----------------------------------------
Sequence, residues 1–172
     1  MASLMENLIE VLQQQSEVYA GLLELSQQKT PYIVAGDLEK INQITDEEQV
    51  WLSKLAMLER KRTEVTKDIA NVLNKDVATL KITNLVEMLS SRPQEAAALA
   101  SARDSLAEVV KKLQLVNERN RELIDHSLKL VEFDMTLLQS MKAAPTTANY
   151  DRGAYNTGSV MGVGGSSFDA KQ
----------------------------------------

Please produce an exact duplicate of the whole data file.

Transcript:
Sequence, residues 1–172
     1  MASLMENLIE VLQQQSEVYA GLLELSQQKT PYIVAGDLEK INQITDEEQV
    51  WLSKLAMLER KRTEVTKDIA NVLNKDVATL KITNLVEMLS SRPQEAAALA
   101  SARDSLAEVV KKLQLVNERN RELIDHSLKL VEFDMTLLQS MKAAPTTANY
   151  DRGAYNTGSV MGVGGSSFDA KQ